WHEN I FINISHED touring the area with Alexandria police in what I knew would be a futile search for the thief, I went into the Birchmere to meet the friends who were joining me there to listen to some blue-grass music.

I told them my purse had been snatched in the parking lot by a kid who got away despite my struggling with him and yelling for help at the top of my lungs. There had been people in the parking lot and cars passing on the street but nobody even called the police.

One of the friends, a colleague at The Post, told me his story of being robbed at gunpoint near his house in Logan Circle and about having his house burglarized. His girlfriend had had her car broken into there.

When I told my hairdresser about the incident two days later, she replied with stories of her own. A large plant was taken from her back yard in Arlington, but that was only exasperating. Her sister had had her purse snatched at Connecticut and Van Ness one evening and when she wouldn't give it up, the two men beat her.

When I went to look for a new wallet, the woman behind the counter said her wallet had been lifted in a Georgetown restaurant.

Back at work on Monday, the security guard who took my picture for a new Post ID described an incident of carrying a large amount of cash and being accosted by a kid, accompanied by three others, asking for money. The guard told him no in what he hoped was a tough tone, got on an elevator without incident -- then let out a long sigh of relief that they hadn't pressed the point.

When I went to ask about getting a replacement paycheck for the one that had been stolen, the Metro editor's secretary described her own purse-snatching at a District gas station a couple of years ago, her chasing after the fellow and her feelings of outrage and violation.

Another reporter was in a cab recently when a man jumped in with her with a purse he had just snatched. He fled when the victim approached with two men and gave chase.

When I explained to the airline reservationist that I couldn't pay for the plane fare by credit card until a new one came in, and when I told her why, she said that she, too, had had her purse grabbed off her.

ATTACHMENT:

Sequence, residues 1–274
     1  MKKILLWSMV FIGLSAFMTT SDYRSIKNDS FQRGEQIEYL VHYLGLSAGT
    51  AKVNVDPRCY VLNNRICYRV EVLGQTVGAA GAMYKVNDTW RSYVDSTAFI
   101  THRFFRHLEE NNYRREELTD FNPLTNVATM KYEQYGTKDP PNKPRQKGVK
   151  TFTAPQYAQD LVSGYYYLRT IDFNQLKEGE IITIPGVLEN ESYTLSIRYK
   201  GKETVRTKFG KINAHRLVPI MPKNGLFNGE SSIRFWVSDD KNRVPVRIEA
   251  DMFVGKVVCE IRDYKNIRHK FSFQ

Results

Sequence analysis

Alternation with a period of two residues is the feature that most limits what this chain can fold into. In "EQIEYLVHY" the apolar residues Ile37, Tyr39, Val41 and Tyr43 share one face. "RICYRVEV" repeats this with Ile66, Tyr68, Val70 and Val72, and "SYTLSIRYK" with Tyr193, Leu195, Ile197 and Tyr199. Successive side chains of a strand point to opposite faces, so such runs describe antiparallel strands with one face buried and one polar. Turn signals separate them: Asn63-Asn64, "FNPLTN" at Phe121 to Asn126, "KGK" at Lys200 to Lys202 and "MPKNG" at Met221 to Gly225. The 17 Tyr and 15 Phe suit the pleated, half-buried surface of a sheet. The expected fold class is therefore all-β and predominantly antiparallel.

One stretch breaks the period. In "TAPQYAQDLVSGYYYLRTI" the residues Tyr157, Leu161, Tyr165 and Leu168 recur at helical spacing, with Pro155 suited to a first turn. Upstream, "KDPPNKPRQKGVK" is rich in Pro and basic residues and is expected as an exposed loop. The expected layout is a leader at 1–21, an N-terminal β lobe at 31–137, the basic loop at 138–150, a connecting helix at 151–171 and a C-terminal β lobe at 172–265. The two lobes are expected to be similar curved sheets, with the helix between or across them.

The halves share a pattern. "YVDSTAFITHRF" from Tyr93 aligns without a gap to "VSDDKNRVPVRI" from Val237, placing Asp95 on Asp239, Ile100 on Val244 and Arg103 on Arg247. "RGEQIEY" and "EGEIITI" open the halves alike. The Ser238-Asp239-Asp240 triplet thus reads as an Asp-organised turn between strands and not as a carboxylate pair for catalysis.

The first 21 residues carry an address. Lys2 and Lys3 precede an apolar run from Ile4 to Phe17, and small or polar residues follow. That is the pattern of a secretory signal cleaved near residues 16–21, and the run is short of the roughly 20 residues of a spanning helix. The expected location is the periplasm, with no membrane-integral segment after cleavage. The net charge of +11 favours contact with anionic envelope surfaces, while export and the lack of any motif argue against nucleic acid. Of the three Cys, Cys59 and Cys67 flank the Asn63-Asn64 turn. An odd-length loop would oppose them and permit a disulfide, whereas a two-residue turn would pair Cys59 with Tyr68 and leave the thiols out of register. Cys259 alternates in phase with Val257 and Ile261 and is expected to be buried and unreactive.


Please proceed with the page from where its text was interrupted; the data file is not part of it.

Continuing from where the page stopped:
The stories went on and on. In the days following this incident, the most amazing thing to me was how common an experience this type of victimization is.

The statistics say it, but never before had it been brought home so clearly as hearing case after case from friend, acquaintance, and random stranger. If it wasn't a purse- snatching, it was a robbery or burglary.

Another colleague, just back from Beirut, said that of course there was a war going on over there but that he noticed right away that women felt far more comfortable walking on the street there than here at home.

What can be done? I understand better now the outpouring of feelings by New Yorkers after the subway shootings in December. Not only has victimization become so widespread, no one seems to know of any way to deal with it.

My rage was complete after that kid got away, my sense of violation and of frustration at being unable to do anything. At the home of friends that night -- where I stayed because the thief had the keys to my apartment and I didn't get the locks changed until the next day -- I fantasized. First it was about what I should have done (remember my college karate lessons, stomp his feet, heed my mother's advice to me as a child to "yank his hair and kick him in the business"). Then it was the type of violent things I would want to do to him if he were found.

But one of the worst things was realizing that having people around is no guarantee of any safety. This happened at 8:30 p.m. in a well-lit parking lot, with people getting out of cars and cars passing on the street.